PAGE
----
Day 164 – March 13th – Wibb and Whist

It has been another long day with both a final group trip up to London for Wibb’s masterclass and the Hastingleigh whist night. I didn’t come away with any prizes in whist, but had a nice time.

Hopefully I’ll have more time to reflect on the masterclass tomorrow. We heard the entire Bach E minor sonata, and I really feel like I got a lot out of Wibb’s teaching on this piece. I also feel like I was noticing much more of the things that Wibb then commented on in the students’ playing.

Day 112 – January 20th – A Gavotte and a Charleston!

This morning we were off up to London for another of William Bennett’s flute masterclasses. The repertoire was pretty standard, and the only work I hadn’t heard before was Philippe Gaubert’s Sonata No. 1. It ended up being my standout piece of the day – it’s stunning and was also played beautifully by masters student Katy Ovens. I’m rather tempted to see whether Trevor might let me have a go for the February piano masterclass!

As always, Wibb was an engaging and energetic teacher, whose use of little sung phrases (many of them rather naughty!) to show musical direction and emphasis had everyone in fits of laughter. Musical direction and musical intent were the themes of the day, and every note had to fulfill its proper place in the musical line. Expressive breathing was also key – even if a breath isn’t needed, it should be felt if the musical sentence needs it.

In the afternoon, Wibb seemed to become even more animated, breaking out into some impromptu dancing on not one but two occasions. The Allegro movement of J.S. Bach’s E major sonata was a jazzy Charleston – all the syncopation needs to be felt and played upon. Wibb’s Charleston itself was also quite impressive! Then the final work of the day was Paul Taffanel’s Mignon Fantasy, whose gavotte Wibb danced to show how light and flexible the tempo needs to feel.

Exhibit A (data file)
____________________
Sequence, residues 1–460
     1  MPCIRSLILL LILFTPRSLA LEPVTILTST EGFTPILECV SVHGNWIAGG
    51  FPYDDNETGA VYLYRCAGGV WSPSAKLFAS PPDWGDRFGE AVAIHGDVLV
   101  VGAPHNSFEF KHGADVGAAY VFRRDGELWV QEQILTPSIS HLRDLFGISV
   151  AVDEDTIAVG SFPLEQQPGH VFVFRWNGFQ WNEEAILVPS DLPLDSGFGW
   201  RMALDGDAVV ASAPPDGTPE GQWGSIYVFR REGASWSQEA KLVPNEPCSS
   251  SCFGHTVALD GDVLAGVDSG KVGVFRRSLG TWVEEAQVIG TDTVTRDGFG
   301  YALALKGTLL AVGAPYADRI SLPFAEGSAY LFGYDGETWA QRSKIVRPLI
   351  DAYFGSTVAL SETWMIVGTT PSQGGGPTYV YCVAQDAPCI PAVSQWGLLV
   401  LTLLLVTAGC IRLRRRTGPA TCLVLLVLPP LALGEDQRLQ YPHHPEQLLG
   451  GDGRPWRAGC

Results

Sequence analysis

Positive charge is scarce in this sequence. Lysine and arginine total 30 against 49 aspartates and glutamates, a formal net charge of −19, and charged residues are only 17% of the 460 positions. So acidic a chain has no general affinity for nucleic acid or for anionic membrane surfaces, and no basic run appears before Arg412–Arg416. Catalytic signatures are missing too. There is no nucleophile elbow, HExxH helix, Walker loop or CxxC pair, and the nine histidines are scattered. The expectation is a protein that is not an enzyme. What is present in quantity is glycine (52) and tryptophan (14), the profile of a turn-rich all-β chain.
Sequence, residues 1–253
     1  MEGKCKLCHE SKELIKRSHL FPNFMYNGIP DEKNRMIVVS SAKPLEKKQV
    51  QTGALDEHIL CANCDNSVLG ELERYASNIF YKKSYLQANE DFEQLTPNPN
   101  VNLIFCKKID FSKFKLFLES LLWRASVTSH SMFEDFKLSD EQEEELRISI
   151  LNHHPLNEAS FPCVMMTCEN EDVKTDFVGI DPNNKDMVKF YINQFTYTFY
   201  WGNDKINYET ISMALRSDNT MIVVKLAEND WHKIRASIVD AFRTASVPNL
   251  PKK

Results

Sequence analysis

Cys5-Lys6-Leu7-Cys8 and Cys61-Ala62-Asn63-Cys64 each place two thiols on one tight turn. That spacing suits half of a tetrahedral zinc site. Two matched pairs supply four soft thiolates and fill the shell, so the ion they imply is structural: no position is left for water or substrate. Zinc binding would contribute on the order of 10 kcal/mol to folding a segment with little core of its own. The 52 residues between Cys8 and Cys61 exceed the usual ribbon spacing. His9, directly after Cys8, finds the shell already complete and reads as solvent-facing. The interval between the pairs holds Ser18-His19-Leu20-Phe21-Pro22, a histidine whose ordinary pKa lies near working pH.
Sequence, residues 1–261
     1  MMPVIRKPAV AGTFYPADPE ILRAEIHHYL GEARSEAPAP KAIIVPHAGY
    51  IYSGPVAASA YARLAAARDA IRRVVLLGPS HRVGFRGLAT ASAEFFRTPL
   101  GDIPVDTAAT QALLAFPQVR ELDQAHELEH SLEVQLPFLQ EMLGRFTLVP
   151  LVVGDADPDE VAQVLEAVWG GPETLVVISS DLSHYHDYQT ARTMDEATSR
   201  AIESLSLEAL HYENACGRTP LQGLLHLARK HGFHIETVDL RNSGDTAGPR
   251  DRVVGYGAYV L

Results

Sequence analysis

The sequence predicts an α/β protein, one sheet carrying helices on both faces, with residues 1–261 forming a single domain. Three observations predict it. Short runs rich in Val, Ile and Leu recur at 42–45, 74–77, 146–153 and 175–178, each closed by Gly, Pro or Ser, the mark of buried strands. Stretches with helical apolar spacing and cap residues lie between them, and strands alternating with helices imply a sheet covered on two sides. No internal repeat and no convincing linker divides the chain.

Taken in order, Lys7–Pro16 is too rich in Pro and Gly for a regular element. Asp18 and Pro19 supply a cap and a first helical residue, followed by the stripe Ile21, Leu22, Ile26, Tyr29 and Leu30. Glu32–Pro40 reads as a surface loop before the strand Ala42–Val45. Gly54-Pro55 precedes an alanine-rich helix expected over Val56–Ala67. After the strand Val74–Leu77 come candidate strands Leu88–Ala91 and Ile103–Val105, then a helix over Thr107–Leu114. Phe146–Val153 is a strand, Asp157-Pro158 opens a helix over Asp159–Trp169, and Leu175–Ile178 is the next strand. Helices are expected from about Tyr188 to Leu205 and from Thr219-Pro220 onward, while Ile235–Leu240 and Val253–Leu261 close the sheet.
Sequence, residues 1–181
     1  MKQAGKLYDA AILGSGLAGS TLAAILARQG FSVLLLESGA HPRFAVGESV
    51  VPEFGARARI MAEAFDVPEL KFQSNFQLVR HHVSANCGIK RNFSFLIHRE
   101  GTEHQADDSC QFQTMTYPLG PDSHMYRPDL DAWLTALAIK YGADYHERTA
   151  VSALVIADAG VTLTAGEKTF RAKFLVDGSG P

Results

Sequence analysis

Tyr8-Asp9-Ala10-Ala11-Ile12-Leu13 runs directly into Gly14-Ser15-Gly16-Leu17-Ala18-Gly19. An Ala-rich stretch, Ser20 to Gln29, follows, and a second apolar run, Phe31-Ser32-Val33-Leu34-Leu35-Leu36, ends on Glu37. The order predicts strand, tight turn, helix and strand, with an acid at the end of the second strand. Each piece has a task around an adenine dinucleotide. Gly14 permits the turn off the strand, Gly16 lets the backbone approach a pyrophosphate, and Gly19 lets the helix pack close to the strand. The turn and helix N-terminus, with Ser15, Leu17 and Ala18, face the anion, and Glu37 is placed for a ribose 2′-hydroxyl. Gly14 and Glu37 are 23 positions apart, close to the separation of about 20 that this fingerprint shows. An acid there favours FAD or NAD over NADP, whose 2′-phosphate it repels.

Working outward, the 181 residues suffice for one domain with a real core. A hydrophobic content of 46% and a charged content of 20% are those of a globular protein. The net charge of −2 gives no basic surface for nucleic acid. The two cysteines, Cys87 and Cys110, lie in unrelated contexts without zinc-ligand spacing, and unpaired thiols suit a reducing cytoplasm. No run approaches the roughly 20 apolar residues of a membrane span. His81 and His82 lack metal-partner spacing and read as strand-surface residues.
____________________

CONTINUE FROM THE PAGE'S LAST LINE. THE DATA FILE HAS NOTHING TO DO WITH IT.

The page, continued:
Good coffee at St Pancreas Station, lunch with some lovely friends at the Royal College, and arriving home to Elmsted to find some faint traces of snow made for a nice day, though am hoping our dairy will warm up a little overnight!

Day 111 – January 19th – Tunes and more tunes

I haven’t left much time to write tonight’s post, and should be heading off to be ready for another trip up to London tomorrow. This time we’re off to William Bennet’s masterclass for the day, and I’m hoping to gain as much inspiration from it as I did at the London Symphony Orchestra’s concert last night!

Today’s class has a few ups and downs. A distinct down was when we were talking about practice schedules, and Trevor honed in on my playing of tunes. I’m starting every day with a tune, and no matter what he may think am working to play it expressively and with feeling and dynamics. All of a sudden in class I had to stand up and give him a demonstration. And another, and another. I think I ended up playing seven or so different tunes, most of which he seemed to quite like. It just so happened that the one I started off with he didn’t know, and then the next one that I landed on I wasn’t as sure of the notes as I wanted to be! So then he went off on a tangent about me trying too hard to play from memory! It got to the point that I felt like no matter what I did I couldn’t win, and I just wanted to sit down and let him focus on someone else for a while!

Once we got past that, I ended up playing quite well. My first B in Debussy’s En Bateau was flat, and earned a bit of a lecture, but otherwise the excerpt went quite well. I also played the second movement of Lennox Berkeley’s Sonatina, in a way that earned the comment “very nice, lovely control”, which made me quite pleased.

I can’t let these rants get to me!

Bach and Handel: Flute and Violin by Candlelight

January 8th, 2015
London Octave, St Martin in the Fields, London